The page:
Walpole calls on the Chancellor to review the 14-day quarantine rules

As the country is primed for a government announcement this week that air bridges will be opened up between a selection of European countries, Walpole’s Chief Executive has called on the Chancellor of the Exchequer to consider the needs of the luxury sector alongside those of holidaymakers.

In a letter to Rishi Sunak, Helen Brocklebank lays out the importance of the British luxury sector in helping the UK to rebuild its economy and calls for an urgent review of the 14-day quarantine rules to support it in doing this. Most passengers arriving in the UK are required to self-isolate for 14 days and are required to provide details online of their self-isolation accommodation before arrival.

The letter in full can be read here and below.

Dear Chancellor,

Impact of the 14-day quarantine regime on the British luxury sector

As the chief executive of Walpole, the sector body for the British luxury industry, I am concerned by the negative impact that the 14-day quarantine regime has on the sector’s ability to recover from the Covid-19 crisis. Retail and hospitality are the twin engines of growth for the British luxury sector. As a whole, the sector contributes £48billion to the UK economy – a significant contribution to GDP. International visitors and tourism are a crucial driver of that revenue.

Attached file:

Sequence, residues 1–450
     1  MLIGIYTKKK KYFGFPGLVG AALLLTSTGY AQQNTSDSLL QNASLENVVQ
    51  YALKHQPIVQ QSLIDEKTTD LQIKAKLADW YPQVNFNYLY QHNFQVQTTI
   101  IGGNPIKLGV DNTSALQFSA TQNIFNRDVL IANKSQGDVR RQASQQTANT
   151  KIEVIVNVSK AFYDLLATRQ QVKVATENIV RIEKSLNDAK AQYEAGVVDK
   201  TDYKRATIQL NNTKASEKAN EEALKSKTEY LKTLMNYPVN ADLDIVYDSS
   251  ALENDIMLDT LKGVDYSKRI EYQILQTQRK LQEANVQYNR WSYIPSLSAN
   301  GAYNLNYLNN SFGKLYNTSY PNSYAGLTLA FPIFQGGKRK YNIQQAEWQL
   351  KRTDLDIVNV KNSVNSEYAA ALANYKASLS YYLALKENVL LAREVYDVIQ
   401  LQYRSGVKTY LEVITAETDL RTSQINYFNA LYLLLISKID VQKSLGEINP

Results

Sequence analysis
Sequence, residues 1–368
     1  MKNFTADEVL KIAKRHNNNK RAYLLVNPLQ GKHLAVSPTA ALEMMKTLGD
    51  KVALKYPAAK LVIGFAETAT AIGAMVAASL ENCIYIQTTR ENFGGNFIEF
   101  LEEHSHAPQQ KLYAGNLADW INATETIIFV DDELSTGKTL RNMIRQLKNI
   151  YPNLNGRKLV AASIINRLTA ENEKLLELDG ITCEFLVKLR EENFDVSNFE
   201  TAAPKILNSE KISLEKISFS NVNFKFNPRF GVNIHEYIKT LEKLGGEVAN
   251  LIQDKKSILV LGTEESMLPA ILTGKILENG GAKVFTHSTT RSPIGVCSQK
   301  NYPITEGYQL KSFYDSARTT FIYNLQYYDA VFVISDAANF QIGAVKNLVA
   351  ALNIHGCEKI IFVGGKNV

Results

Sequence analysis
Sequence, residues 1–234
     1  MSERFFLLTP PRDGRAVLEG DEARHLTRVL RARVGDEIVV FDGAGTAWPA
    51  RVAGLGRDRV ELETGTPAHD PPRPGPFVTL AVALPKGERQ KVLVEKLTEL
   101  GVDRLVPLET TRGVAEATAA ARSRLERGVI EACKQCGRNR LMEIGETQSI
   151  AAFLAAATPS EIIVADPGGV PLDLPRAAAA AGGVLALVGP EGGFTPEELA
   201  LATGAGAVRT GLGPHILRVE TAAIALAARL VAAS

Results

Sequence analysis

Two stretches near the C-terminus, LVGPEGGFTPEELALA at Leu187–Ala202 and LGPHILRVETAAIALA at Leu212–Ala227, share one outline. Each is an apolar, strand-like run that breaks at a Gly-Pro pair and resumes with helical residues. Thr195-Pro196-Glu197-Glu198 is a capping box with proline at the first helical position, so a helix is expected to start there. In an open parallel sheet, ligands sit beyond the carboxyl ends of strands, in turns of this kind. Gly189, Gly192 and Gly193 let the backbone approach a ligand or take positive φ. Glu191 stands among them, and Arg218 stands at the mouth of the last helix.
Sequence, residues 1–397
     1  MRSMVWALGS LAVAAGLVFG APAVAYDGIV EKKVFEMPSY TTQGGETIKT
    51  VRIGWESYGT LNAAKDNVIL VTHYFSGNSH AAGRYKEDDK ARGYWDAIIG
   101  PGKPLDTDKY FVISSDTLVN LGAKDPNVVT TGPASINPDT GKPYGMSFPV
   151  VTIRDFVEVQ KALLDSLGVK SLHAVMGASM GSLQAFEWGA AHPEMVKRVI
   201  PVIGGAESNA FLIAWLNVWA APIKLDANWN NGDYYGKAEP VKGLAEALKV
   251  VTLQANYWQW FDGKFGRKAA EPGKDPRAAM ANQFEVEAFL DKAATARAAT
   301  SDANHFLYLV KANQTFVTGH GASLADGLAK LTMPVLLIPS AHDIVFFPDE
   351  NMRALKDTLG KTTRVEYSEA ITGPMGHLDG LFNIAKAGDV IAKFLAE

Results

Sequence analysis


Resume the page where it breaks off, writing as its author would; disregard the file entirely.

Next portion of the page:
Walpole represents more than 250 member companies from the high-end creative and cultural industries with members spanning brands including Alexander McQueen, Burberry, Claridge’s, Glenmorangie, Harrods, NET-A-PORTER, Rolls-Royce Motor Cars, Wedgwood and numerous small and medium-sized enterprises (SMEs), which currently make up 60% of the sector, such as Chapel Down, Ettinger, Floris, Savoir Beds and Temperley London.

Prior to the Covid-19 lockdown, the luxury sector was growing at 9.6% annually, outpacing UK annual growth of 4%. The UK’s high-end creative and cultural industries – of which the luxury sector is part – performed strongly with the overall contribution rising 49%, from £32.2bn to £48bn between 2013 to 2017.

The pandemic has caused on average a 60% decline in luxury sector revenue over the first 6 months of the year and it faces grave economic consequences unless all potential economic levers are used to support a return to growth. International tourism must be encouraged. The quarantine regime is harming the tourist industry and the many inter-related sectors which contribute to the British creative economy.

The rise in shopping tourism has previously been well documented by Walpole – the value of sales of high-end goods to non-UK resident customers was around £4.5 billion in 2017, with tourist spend accounting for between 25% to 80% of revenues for some British luxury businesses. Tax Free Shopping data released by Global Blue shows the world’s wealthiest shoppers account for 17% of global tax free spend. These international elite shoppers come from the following territories and show a preference for shopping in Europe: